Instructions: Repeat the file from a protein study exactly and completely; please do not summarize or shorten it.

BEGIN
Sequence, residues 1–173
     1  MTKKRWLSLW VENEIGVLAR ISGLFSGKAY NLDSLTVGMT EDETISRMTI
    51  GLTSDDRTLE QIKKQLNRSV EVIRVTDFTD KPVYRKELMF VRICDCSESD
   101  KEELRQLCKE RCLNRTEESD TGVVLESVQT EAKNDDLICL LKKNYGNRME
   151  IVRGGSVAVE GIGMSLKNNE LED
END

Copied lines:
Sequence, residues 1–173
     1  MTKKRWLSLW VENEIGVLAR ISGLFSGKAY NLDSLTVGMT EDETISRMTI
    51  GLTSDDRTLE QIKKQLNRSV EVIRVTDFTD KPVYRKELMF VRICDCSESD
   101  KEELRQLCKE RCLNRTEESD TGVVLESVQT EAKNDDLICL LKKNYGNRME
   151  IVRGGSVAVE GIGMSLKNNE LED